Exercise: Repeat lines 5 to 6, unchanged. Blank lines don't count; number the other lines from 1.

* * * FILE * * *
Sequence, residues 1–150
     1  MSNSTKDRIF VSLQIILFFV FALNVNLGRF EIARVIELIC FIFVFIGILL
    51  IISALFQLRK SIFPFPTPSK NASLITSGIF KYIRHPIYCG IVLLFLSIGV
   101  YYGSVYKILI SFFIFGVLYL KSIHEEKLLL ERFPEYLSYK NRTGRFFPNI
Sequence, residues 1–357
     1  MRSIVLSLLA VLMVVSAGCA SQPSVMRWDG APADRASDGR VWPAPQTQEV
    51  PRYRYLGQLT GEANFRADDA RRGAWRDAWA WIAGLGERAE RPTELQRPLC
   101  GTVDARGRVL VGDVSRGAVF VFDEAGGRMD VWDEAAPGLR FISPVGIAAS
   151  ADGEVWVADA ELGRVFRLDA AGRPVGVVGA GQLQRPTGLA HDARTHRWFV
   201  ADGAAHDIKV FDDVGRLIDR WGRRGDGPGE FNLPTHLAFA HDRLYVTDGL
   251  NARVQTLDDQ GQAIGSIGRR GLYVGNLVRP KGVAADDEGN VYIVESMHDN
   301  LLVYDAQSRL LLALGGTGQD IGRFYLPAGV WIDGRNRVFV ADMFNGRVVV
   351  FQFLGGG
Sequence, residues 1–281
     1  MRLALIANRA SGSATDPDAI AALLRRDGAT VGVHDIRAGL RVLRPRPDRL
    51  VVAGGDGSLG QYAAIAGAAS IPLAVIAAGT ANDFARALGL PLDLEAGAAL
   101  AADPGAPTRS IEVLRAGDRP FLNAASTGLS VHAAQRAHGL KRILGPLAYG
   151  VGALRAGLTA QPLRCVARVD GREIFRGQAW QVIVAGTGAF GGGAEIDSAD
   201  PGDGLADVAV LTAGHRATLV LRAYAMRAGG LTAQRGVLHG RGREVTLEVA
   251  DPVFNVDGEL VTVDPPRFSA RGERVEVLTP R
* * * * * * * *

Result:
Sequence, residues 1–357
     1  MRSIVLSLLA VLMVVSAGCA SQPSVMRWDG APADRASDGR VWPAPQTQEV